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To Avoid Bankruptcy: Musk Suggests Twitter Turning Into A Bank

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To Avoid Bankruptcy: Musk Suggests Twitter Turning Into A Bank-GadgetAny
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Just two weeks into Elon Musk’s ownership of Twitter, confidence has reached what may be a record low. Musk warned Twitter’s staff in a call yesterday that the company may have to file for bankruptcy because it could lose billions more in the upcoming year.

The Verge published a whole transcript of Musk’s team meeting, where several employees sought advice from Musk on what their top objectives should be in order to assist Musk maintain Twitter while the economy is still in flux. Musk was succinct in his comments, stating that paying platform creators, enhancing Twitter search, and adding 1 billion new users to Twitter’s user base were his top priorities. In other words, he threatened to resign unless his remaining team members went “hardcore” to make Twitter “more compelling” so he could sell that product to users. One of his most radical and bold proposals, which he claims is “definitely happening,” is to modify Twitter so that it functions as a platform for electronic payments.

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“If you have a compelling product, people will buy it,” Musk told staff. “That has been my experience at SpaceX and Tesla.”

There are now more questions than answers about whether Twitter will survive Musk’s management style as a result of Musk’s stark honesty about a probable bankruptcy. Musk now has to deal with interest payments that will amount “near to $1.2 billion in the next 12 months,” according to Reuters, on top of the $13 billion debt he incurred when he purchased Twitter and the subsequent $4 million per day loss in ad revenue.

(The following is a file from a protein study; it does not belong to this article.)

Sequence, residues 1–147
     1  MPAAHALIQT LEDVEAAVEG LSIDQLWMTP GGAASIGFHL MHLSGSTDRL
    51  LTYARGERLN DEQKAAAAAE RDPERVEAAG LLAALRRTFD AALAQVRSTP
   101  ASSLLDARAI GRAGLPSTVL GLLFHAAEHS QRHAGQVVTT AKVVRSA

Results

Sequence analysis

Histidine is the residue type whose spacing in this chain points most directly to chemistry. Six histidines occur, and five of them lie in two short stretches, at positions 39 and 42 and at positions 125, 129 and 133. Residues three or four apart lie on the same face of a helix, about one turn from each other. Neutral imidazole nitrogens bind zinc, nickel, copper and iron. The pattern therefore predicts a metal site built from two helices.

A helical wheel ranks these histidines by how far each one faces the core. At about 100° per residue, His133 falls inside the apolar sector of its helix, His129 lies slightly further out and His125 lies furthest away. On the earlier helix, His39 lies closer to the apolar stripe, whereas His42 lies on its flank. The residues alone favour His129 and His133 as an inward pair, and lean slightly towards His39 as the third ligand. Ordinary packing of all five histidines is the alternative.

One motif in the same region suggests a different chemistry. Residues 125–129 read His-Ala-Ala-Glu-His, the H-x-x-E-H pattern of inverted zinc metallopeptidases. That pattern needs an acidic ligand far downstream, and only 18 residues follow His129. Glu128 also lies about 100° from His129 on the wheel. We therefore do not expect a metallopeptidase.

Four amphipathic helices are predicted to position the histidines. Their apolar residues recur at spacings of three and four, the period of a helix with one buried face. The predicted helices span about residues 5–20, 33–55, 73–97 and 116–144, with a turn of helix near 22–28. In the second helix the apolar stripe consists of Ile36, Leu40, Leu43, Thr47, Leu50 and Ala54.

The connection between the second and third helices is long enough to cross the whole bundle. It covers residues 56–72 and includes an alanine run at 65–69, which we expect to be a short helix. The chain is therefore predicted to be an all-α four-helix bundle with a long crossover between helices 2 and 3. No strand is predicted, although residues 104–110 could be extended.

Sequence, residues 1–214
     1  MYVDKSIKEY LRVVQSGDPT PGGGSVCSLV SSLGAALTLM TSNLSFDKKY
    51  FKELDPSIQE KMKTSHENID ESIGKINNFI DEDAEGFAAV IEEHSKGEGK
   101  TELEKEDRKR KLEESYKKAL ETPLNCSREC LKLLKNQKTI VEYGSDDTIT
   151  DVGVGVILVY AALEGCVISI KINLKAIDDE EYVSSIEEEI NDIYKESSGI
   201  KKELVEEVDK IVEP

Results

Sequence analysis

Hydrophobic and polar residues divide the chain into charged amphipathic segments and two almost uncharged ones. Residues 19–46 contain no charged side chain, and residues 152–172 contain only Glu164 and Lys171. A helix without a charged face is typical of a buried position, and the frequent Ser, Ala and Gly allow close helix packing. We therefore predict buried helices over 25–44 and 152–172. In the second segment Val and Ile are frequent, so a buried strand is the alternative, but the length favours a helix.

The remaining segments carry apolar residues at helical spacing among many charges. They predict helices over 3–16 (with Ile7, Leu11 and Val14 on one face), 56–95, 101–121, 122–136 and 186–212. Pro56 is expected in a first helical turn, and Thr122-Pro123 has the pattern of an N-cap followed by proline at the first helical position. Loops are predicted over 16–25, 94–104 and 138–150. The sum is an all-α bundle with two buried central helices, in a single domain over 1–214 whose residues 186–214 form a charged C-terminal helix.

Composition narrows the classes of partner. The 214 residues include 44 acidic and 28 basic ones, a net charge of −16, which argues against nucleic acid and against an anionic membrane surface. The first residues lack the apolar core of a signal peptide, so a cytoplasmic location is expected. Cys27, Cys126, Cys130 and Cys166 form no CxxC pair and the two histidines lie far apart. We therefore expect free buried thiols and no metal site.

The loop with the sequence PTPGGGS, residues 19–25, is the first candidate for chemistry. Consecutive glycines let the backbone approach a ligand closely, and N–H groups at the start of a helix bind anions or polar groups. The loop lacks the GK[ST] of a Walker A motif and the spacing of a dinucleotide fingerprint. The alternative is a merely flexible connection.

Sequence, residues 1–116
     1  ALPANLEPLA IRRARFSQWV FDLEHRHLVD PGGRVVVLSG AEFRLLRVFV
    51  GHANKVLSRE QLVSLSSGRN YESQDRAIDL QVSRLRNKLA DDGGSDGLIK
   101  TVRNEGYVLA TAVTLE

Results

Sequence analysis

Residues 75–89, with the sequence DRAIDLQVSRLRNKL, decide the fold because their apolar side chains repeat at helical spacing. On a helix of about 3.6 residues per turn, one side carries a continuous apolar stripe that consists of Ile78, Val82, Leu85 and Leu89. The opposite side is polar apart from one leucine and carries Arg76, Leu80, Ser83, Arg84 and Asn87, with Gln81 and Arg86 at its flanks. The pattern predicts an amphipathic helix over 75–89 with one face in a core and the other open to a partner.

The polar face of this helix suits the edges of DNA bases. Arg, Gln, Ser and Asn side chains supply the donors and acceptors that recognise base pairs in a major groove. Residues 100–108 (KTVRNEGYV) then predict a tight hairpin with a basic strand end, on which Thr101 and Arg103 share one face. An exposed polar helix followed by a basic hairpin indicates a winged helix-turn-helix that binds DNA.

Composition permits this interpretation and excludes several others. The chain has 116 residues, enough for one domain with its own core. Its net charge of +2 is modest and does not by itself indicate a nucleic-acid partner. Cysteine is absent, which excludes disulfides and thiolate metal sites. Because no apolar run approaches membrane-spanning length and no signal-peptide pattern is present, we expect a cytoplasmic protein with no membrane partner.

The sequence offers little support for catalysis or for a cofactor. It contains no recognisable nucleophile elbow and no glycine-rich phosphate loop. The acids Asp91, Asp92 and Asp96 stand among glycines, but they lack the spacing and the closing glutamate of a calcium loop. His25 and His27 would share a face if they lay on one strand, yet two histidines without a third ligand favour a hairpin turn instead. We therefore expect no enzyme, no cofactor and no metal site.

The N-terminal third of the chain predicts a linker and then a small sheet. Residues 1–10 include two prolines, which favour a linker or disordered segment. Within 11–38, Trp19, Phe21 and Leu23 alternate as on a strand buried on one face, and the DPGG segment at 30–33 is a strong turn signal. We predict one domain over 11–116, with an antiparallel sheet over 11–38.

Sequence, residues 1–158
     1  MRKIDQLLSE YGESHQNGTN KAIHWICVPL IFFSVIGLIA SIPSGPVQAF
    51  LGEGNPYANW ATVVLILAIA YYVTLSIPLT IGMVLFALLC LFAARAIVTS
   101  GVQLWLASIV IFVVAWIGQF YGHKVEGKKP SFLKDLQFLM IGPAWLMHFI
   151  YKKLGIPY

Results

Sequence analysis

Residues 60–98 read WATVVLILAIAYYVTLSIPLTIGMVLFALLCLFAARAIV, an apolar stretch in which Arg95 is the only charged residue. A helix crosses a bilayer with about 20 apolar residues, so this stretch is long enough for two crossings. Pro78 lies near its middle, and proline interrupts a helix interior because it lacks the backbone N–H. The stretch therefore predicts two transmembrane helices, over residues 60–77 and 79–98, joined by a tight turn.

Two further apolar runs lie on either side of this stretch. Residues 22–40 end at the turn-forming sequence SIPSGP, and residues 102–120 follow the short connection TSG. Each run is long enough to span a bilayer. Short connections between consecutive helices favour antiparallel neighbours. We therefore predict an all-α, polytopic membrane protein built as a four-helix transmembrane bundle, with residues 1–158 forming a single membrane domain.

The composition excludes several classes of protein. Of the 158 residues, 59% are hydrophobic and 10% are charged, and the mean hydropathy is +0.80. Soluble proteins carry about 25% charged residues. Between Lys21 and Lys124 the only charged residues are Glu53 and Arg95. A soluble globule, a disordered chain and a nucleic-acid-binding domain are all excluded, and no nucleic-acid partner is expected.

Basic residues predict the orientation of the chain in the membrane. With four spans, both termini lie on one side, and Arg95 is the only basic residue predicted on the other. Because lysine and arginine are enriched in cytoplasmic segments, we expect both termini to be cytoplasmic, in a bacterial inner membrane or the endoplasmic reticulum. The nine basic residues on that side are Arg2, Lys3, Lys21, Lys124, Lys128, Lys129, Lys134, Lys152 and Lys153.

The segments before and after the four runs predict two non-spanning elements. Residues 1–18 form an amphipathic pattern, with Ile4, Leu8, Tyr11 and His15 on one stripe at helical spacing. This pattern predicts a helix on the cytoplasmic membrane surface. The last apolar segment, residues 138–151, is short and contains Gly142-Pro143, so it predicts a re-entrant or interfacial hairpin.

According to Reuters, the interest payments would exceed Twitter’s most recent stated cash flow of $1.1 billion in June. And Musk’s team appears to be fully aware of this risk; they feel under pressure to perform well and inquire about Musk’s strategy for dealing with the cash flow issue.

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“We just definitely need to bring in more cash than we spend,” Musk replied. “If we don’t do that and there’s a massive negative cash flow, then bankruptcy is not out of the question.”

Some people wonder if Musk is using the phrase to rile up employees who feel connected to the platform they built. After all, the idea of the richest man in the world declaring bankruptcy sounds almost as ridiculous as some of the best parody accounts currently troll users on Twitter. According to Bloomberg, Musk has previously used “the prospect of financial catastrophe” to inspire his staff. According to a person acquainted with Musk’s management style, “He’s attempting to convey the concept that if employees don’t work hard, Twitter will be left in a very bad place.”

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Of course, not only employees are impacted by the possibility of bankruptcy. According to Bloomberg, debt investors and credit raters were equally alarmed by Musk’s remarks and have been reaching out to asset managers and hedge funds to see if anyone is interested in purchasing part of Twitter’s debt at significantly reduced rates. Banks that helped finance Twitter through $6.5 billion in leveraged loans might face billions in losses, Bloomberg’s calculations show.

Musk continues to invest in Twitter while banks consider their options in light of the company’s dire financial situation. According to The New York Times, Musk sold $4 billion in Tesla stock to “save” Twitter.

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Monica Green

By Monica Green

I am specialised in latest tech and tech discoveries.

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